5. See your entire pedigree at once: OneGreatFamily provides you with powerful software for viewing, organizing, and saving your family tree. As your family tree continues to grow, you can easily see what you have accomplished and where OneGreatFamily has helped. OneGreatFamily does what no other family tree software can do by letting you see your entire family tree at one time! You can zoom in to see more detail and zoom out to get a view of your family tree.

  6. Automatically find your ancestors: Create your family tree and watch it grow automatically over time. OneGreatFamily searches for ALL of your ancestors, ALL the time. Automatic processes continually review the ever-growing OneGreatFamily Tree. If two individuals are identical, they are automatically identified as being the same. If the individuals appear to be the same person but have different relationships, birth data, or death data, you will be able to manually determine if they are the same and merge the records together.

  7. Connect to the original online family tree: We connect you to the largest family tree online so you can see how you are related to the rest of humanity! Start by creating your family tree at OneGreatFamily or by submitting a family tree you have already created. If anyone else has been working on your family tree, OneGreatFamily will automatically identify common ancestors and tie your family's branch into the largest single family tree available.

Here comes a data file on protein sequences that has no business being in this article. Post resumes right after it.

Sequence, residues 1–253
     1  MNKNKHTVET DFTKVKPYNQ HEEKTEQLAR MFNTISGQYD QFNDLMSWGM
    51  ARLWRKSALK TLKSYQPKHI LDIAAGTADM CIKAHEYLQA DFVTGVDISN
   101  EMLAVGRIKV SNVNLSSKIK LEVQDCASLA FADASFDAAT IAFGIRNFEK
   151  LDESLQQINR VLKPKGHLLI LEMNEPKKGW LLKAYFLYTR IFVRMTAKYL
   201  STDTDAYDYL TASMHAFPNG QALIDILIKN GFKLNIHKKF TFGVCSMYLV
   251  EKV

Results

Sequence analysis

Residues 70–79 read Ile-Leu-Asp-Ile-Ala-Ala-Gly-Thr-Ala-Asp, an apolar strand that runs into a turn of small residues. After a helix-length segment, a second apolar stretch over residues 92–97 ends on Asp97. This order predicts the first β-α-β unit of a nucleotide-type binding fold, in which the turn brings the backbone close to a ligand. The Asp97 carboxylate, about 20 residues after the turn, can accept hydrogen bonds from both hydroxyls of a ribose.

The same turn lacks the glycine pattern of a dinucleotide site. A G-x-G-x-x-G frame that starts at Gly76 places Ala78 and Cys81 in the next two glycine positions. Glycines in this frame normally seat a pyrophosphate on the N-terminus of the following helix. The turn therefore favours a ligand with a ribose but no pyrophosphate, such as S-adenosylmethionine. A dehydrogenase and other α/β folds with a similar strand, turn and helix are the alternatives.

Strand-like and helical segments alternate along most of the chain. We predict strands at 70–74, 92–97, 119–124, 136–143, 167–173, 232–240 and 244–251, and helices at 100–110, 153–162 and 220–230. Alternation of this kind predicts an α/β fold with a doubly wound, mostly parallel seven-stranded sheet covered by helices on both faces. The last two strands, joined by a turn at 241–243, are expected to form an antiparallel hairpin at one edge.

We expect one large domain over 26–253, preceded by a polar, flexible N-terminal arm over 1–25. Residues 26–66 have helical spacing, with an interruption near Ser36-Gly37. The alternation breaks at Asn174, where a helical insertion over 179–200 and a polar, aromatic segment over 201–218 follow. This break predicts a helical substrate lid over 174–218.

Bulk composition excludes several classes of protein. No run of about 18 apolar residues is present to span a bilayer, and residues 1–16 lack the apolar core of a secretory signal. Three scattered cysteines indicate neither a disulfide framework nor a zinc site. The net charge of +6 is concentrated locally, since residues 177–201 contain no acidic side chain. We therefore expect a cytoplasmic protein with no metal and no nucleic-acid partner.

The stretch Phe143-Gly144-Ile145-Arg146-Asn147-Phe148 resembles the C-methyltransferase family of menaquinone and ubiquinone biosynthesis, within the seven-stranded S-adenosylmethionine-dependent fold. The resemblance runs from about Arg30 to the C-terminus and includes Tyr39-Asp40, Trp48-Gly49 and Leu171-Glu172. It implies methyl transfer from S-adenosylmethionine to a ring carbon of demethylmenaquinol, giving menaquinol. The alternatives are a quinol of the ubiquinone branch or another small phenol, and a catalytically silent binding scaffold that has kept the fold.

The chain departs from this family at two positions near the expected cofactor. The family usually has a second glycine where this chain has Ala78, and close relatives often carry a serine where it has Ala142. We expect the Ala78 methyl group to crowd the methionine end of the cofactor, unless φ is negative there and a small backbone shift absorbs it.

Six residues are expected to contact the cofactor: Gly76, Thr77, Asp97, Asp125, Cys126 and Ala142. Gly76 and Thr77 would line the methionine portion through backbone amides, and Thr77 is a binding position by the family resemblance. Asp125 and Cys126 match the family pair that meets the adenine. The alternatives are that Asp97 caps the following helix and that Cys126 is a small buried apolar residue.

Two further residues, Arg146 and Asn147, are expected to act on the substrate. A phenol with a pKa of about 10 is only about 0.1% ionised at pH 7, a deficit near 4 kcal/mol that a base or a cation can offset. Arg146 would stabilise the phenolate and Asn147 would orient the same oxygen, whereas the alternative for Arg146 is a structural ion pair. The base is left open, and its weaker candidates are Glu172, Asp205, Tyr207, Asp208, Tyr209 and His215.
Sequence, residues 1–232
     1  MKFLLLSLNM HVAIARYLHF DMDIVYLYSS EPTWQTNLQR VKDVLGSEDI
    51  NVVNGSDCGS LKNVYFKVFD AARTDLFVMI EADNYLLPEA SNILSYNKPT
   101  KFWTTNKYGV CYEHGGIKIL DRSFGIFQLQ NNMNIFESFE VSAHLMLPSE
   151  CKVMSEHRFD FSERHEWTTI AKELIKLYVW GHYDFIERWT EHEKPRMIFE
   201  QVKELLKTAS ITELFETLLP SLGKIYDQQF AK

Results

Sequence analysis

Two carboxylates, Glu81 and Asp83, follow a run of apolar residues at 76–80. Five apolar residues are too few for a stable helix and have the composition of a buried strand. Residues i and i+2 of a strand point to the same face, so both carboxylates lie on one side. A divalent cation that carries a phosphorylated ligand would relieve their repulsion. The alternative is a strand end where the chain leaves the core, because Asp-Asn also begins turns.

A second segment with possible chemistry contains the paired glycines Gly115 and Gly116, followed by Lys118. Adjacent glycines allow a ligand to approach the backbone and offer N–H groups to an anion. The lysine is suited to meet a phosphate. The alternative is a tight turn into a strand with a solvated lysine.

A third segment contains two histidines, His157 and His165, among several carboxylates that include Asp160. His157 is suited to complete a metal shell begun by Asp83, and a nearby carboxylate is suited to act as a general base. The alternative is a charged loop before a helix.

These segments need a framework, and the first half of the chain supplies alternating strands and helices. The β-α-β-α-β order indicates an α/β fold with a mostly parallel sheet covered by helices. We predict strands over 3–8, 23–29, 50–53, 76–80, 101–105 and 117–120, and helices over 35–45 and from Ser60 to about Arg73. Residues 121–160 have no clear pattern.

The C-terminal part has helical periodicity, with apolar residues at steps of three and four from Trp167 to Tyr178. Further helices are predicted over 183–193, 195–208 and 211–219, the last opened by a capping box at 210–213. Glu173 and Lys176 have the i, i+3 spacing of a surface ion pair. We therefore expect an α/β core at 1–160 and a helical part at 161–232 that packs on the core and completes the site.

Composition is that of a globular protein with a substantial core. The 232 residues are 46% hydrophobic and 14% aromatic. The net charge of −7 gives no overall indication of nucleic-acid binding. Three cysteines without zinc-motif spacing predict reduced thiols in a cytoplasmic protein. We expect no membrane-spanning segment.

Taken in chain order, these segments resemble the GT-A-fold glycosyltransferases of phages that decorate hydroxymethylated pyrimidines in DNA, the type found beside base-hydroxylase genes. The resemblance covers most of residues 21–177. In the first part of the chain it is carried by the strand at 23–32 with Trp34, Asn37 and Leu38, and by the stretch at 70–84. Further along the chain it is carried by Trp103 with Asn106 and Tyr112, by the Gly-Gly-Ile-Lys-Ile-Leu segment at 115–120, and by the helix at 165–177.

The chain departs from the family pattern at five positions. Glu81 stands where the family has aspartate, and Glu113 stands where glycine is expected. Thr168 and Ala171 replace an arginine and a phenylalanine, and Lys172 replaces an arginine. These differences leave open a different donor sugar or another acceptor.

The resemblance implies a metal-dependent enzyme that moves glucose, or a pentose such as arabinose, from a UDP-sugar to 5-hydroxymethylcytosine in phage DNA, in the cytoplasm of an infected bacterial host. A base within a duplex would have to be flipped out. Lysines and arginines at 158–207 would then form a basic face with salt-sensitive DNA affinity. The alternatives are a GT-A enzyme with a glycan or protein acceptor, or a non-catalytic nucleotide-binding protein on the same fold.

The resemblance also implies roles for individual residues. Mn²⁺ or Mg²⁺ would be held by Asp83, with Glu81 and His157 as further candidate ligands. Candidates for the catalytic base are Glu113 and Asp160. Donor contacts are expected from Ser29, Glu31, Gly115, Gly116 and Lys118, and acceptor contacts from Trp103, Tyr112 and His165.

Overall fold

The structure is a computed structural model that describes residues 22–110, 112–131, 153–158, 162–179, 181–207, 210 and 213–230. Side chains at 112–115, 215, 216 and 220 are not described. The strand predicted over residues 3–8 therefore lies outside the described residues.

As OneGreatFamily continues to grow, we are committed to the success of each of our members in furthering genealogy research and connecting to work that has already been completed in OneGreatFamily. Our hope is that everyone who visits OneGreatFamily will come to appreciate the unique services provided to the genealogical community.

OneGreatFamily Tip: Have More Success By Standardizing Places

Standardizing places may result in more ancestors being added to your family tree.